Aluminum Reduction Cell Life
During bullish aluminum pricing cycle, smelter management typically emphasizes increasing production, but during bearish cycles, it turns to cost reduction strategies. Unfortunately most of the smelter’s costs are determined by factors that are beyond the control of internal management. For example:
- Alumina, coke and power pricing are usually determined by long term contract
- Labor rates and staffing levels are often determined by collective bargaining agreements for 3-5 year periods
- Alumina utilization rate is determined by the chemistry of the process and cannot be reduced significantly
- Power and carbon utilization may have potential for improvement, but many plants are already operating at near world-class levels based on their originally installed technology
This leaves maintenance and cell relining costs as the main factors under the local manager’s control. Maintenance cost reduction in the short run usually means increased long term costs due to damage caused by low maintenance. Improvement of Aluminum Reduction Cell Life becomes a priority for cost reduction process. Reduction of cell relining cost by increasing service life has no such downside, and initiatives to increase cell life usually pay dividends for many years. Annual cell relining costs in a 250 kTPY smelter can run from $10 to $40 million per year. The potential for cost reduction at the high end of the range may be $25 million ranging to less than one million at the low end.
Cell Life Determinants
Increasing cell life begins with definition of “Ideal Cell Life”. This is the life that is achieved when failure occurs due to “wear out” of the cathode carbon blocks and subsequent exposure of the current collector bars. Thus it depends only on design factors such as the thickness of the cathode block above the collector bars and the rate of erosion of the cathode blocks. Any cell failure that occurs by another cause can and should be thought of as “premature” and is therefore preventable. These preventable causes may include poor quality raw materials, construction defects, poor thermal or structural design, and operational upsets.
A useful model for thinking about cell lining problems was popularized by Hale in Journal of Metals, Nov 1989. He proposed that there are five basic determinants of cell life which can be visualized as the pieces of a pie as in figure 1.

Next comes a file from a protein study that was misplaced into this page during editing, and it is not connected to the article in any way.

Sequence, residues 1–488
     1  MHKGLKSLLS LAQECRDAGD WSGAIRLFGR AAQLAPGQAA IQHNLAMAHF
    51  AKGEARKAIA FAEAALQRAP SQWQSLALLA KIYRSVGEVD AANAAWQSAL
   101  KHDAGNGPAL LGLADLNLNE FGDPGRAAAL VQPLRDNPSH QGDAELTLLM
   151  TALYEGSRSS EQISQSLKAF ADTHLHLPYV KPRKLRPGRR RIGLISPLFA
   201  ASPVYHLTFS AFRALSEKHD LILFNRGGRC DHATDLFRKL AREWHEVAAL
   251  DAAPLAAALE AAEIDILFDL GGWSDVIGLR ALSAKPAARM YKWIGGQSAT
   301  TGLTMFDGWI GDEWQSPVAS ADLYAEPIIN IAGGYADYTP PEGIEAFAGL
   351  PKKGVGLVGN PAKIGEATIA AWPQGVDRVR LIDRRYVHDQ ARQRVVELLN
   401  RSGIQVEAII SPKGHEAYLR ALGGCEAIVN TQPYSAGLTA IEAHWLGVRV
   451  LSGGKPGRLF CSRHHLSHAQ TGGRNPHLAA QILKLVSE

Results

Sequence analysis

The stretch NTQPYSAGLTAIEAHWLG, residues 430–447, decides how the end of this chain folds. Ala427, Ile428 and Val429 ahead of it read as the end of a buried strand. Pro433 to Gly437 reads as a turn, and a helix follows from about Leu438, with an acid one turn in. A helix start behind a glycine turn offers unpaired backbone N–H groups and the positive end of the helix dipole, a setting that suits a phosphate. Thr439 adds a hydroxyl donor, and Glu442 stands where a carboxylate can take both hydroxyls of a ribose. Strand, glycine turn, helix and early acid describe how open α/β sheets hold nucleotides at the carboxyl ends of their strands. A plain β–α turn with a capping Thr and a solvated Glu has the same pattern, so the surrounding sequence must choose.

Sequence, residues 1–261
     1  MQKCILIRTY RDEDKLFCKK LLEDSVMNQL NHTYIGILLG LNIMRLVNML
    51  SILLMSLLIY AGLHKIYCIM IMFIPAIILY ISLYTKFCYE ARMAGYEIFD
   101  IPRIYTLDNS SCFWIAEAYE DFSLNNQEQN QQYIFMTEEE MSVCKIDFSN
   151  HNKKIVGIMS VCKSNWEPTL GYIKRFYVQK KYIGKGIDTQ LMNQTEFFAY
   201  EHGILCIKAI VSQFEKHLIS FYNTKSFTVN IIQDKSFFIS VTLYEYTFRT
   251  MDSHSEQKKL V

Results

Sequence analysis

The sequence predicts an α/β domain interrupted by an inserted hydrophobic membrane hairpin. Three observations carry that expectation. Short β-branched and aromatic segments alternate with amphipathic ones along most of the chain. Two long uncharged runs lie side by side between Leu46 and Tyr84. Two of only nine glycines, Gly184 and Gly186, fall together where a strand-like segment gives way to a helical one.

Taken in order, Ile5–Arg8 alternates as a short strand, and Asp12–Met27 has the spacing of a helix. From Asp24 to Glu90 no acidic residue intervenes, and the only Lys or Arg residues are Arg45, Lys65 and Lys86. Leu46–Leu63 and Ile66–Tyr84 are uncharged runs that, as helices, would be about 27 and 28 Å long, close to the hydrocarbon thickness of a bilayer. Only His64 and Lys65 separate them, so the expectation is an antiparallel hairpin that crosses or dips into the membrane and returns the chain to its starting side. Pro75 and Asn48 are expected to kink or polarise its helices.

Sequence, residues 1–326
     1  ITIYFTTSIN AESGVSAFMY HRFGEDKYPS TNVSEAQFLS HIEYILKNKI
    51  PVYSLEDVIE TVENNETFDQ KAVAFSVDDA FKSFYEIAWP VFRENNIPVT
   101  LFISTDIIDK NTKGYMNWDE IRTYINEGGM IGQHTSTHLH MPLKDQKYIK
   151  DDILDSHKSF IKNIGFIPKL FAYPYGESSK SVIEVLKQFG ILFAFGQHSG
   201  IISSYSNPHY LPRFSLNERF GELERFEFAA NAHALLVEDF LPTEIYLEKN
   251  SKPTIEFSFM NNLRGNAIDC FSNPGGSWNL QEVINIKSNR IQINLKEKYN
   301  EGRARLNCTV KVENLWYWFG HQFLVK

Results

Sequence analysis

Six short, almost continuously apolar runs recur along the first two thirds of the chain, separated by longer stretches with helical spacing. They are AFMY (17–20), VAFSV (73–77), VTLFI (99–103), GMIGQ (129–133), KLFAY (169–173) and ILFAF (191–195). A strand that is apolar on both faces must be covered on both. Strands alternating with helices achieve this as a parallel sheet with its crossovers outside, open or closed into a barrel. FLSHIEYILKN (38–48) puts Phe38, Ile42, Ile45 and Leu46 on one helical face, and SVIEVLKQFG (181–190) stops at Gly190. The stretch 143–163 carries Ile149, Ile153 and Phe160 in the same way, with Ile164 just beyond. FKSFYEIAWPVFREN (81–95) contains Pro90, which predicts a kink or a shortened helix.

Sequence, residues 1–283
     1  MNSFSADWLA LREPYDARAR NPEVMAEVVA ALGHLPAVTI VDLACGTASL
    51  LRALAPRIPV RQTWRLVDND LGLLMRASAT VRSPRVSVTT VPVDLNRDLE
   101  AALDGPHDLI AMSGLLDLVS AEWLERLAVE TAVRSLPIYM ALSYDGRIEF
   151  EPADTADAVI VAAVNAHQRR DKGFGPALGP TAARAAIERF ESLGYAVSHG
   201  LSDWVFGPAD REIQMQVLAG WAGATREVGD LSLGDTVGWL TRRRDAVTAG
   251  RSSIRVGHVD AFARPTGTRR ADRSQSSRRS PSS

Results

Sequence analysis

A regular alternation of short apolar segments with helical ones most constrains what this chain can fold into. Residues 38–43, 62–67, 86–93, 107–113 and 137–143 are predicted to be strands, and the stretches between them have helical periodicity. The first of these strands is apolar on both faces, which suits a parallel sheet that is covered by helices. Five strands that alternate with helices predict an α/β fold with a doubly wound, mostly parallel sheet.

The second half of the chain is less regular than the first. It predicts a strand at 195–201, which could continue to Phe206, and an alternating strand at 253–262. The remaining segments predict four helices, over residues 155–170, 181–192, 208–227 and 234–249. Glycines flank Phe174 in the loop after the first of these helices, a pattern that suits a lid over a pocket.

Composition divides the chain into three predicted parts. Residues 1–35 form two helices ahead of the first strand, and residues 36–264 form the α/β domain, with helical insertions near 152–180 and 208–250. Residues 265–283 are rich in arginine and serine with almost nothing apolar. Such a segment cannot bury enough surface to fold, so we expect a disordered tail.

The relative sizes of the pieces of the pie can be the subject of endless debate, but this goes beyond the classic case of the potroom manager blaming bad cathode blocks for poor potlife and the cathode block supplier pointing a finger at poor operating practices. It is an important role for technical management to understand the relative importance of each piece of the pie for the specific plant situation and direct the resources to work on the right problem. It does no good to change block suppliers if the relining crew does a sloppy job of ramming or if the thermal design is not suitable for the operating conditions. This is especially important given the cost of modern cell linings and the long time span of the cell relining cycle. Today’s cells may cost $100-300,000 and are expected to live 6, 7 or even 10 years. The effect of a wrong decision may not be seen for 2-4 years by which time hundreds of cells costing tens of millions of dollars could be affected.
A real example provides an illustration. Figure 2 shows a steep drop in potlife from 1997 to 1999 caused by a “mistake”. The specific causes and lessons learned from this example will be discussed in another article. The significant point here is that, even though the problem was recognized and corrected quickly, it took nine years for cell life to recover to the previous level. The cost of the lost service life was more than $18 million.
In the subsequent articles, we will focus on the various determinants of potlife and how they can be optimized to result in the maximum potlife and minimum expenditure on pot relining.
(Richard Jeltsch is an MSc. In Chemistry from Cleveland OH, who worked for 22 years with Kaiser Aluminum in process engineering and environmental management, last 12 years spent as Cathode Technology Specialist. He has 13 years of consulting experience in the area of cathode technology, specializing in cell life improvement and reduction cell autopsies. He is a lecturer on cathode technology for TMS Aluminum Electrolysis course since 1999 and presented several papers at TMS.)